CANCELLATION OF REMOVAL
A person in removal proceedings can seek cancellation under two different sections on INA 240, depending on statutory eligibility.
CANCELLATION OF REMOVAL UNDER 240A(a)
Pursuant to INA § 240A(a), Cancellation of Removal for Certain Permanent Residents is available to any Lawful Permanent Resident of the U.S. who (1) has been a Lawful Permanent Resident of the U.S. for not less than five (5) years; (2) has resided in the United States for not less than seven (7) years in any status; and (3) has not been convicted of an aggravated felony.
TRUE EXAMPLE OF A SUCCESSFUL APPLICATION FOR CANCELLATION OF REMOVAL UNDER INA 240A(a).
IN 2014, Mr. Lemon, a Legal Permanent Resident of sixteen (16) years was put into removal proceedings and retained the services of the Law Offices of Anastacio De La Cruz. Mr. Lemon had several convictions for being under the influence of a controlled substance, felony domestic violence, and assault with a deadly weapon. Further, Mr. Lemon had a conviction for transportation of a controlled substance (typically this would constitute an aggravated felony, however, the substance was not identified). After a review of the record and pertinent case law, the Law Offices of Anastacio De La Cruz determined Mr. Lemon was in fact eligible for Cancellation of Removal for Legal Permanent Residents and mounted a defense centered around a multi-pronged rehabilitation plan and deep family ties. After a hotly contested removal hearing, the presiding Immigration Judge ruled in favor of Mr. Lemon and granted his application for Cancellation of Removal, reuniting Mr. Lemon with his family in the United States.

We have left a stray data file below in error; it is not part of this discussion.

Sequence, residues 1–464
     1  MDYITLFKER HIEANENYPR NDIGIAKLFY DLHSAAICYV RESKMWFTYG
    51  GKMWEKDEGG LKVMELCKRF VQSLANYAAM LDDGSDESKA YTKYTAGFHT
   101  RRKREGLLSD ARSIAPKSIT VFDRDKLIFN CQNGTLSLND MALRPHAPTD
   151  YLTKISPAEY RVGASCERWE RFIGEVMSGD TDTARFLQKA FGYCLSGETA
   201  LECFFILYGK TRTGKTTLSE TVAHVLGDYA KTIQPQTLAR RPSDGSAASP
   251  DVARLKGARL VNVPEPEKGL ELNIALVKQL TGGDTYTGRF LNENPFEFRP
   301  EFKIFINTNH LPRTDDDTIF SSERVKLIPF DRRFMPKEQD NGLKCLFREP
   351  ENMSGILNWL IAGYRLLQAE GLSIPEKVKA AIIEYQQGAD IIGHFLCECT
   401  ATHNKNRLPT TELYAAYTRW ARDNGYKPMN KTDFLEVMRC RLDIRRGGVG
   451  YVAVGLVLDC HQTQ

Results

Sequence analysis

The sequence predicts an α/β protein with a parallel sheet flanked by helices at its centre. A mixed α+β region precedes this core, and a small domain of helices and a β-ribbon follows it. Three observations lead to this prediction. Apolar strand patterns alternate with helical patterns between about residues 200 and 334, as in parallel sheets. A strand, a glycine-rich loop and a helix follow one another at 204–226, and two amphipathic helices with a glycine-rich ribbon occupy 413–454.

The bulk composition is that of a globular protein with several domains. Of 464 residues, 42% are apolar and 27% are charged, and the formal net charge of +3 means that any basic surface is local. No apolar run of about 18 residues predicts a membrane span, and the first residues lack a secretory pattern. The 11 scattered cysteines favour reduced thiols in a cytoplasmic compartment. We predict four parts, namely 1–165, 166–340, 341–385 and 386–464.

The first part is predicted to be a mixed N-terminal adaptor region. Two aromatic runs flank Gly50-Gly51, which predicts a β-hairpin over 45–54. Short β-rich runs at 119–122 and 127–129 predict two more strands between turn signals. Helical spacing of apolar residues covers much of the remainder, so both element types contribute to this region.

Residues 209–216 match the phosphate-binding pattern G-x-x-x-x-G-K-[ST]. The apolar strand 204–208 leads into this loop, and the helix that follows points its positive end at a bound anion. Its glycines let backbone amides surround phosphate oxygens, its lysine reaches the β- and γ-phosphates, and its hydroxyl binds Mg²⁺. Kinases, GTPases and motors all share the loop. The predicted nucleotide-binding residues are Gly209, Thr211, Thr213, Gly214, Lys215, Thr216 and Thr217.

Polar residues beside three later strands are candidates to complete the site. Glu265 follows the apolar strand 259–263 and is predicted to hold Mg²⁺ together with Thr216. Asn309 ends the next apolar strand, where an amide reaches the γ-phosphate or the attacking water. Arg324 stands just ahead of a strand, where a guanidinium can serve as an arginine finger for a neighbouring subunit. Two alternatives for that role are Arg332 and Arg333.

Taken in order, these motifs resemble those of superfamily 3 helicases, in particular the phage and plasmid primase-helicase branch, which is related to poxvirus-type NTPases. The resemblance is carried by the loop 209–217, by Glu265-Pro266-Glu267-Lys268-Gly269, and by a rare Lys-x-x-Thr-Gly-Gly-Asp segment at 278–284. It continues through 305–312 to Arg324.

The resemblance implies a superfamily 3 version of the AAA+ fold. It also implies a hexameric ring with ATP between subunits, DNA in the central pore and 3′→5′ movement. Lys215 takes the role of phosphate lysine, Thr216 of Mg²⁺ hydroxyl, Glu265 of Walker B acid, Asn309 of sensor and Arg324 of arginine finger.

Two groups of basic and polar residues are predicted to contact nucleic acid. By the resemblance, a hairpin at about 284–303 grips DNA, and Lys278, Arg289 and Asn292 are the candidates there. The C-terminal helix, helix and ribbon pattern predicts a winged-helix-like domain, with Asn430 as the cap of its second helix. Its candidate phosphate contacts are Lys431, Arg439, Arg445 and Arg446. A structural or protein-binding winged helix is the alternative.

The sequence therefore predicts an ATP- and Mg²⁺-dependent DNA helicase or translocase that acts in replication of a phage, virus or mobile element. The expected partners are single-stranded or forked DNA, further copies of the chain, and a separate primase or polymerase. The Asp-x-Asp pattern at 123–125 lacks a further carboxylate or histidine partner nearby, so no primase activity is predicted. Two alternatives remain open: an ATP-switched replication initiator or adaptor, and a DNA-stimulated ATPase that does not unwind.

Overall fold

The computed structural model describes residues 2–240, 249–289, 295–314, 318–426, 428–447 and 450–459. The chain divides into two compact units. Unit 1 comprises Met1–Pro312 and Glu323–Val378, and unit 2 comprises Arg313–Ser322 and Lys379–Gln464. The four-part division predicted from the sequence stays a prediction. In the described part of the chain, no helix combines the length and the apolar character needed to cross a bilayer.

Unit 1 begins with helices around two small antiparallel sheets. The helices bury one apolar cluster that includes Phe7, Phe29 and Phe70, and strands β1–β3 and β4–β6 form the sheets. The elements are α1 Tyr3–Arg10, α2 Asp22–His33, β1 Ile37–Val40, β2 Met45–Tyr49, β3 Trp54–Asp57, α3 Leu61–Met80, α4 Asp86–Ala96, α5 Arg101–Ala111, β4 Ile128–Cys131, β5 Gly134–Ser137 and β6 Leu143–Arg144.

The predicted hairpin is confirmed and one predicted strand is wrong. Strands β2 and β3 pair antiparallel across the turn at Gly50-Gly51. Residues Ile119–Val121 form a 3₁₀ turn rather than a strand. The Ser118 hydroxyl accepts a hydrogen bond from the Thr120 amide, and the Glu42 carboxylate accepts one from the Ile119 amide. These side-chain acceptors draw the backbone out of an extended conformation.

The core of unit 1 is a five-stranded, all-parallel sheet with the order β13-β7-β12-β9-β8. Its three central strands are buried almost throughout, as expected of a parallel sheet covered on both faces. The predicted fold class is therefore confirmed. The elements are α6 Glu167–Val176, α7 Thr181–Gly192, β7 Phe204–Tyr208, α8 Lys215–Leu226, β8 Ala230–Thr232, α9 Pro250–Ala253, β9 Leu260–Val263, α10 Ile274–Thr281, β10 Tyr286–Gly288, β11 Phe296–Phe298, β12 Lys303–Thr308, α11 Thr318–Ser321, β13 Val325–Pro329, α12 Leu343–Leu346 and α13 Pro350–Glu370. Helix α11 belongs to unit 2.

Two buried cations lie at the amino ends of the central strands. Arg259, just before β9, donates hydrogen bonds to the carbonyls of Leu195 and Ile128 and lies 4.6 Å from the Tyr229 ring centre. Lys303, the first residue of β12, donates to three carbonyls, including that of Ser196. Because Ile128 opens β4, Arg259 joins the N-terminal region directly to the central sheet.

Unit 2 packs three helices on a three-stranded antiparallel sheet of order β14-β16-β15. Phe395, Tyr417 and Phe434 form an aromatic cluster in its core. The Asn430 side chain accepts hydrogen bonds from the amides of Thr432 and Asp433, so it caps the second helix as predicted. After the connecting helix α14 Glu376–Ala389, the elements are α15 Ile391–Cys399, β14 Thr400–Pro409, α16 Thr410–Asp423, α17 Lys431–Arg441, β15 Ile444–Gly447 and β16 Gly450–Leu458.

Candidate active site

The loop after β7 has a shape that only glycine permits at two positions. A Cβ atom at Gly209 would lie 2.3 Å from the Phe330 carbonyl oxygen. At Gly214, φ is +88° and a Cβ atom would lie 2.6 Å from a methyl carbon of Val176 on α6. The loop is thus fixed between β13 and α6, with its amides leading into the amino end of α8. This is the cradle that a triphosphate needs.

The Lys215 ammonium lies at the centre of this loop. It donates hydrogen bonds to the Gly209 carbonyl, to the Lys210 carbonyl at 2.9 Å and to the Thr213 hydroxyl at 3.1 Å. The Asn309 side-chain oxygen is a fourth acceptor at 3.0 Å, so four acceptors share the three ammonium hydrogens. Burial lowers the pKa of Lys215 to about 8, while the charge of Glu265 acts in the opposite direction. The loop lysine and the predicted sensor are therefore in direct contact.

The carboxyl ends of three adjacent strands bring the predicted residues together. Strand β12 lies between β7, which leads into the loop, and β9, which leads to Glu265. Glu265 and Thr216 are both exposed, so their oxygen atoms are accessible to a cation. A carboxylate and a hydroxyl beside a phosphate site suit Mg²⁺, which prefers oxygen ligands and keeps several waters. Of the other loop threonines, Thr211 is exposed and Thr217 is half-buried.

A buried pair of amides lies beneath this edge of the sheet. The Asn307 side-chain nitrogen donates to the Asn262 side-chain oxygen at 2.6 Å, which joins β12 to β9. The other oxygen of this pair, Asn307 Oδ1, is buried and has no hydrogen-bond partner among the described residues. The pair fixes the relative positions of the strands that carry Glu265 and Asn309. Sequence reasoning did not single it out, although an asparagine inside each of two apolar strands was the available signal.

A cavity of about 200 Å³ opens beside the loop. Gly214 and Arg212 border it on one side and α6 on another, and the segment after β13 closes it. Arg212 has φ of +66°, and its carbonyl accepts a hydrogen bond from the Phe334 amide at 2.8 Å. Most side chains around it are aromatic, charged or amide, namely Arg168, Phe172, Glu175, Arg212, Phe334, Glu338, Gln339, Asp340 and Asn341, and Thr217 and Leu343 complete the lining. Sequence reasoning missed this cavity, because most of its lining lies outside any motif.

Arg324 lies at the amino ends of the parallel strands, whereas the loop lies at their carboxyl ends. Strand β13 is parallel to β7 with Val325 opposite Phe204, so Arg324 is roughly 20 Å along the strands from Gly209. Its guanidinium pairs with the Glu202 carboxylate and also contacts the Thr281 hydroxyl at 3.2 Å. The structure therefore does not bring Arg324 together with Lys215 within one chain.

CANCELLATION OF REMOVAL UNDER 240(A)b
Pursuant to INA § 240A(b), Cancellation of Removal is available if Respondent (1) has been physically present in the United States for a continuous period of not less than 10 years immediately preceding the date of this application; (2) has been a person of good moral character during the previous 10 years; (3) has not been convicted of an offense under section 212(a)(2) [8 U.S.C 1182(a)(2)] , section 237(a)(2) [8 U.S.C 1227(a)(2)] , or section 237(a)(3) of this Act [8 U.S.C 1227(a)(3)]; and (4) establishes that removal would result in exceptional and extremely unusual hardship to the alien’s spouse, parent, or child, who is a citizen of the United States or an alien lawfully admitted for permanent residence
TRUE EXAMPLE OF A SUCCESSFUL APPLICATION FOR CANCELLATION OF REMOVAL UNDER INA 240A(a).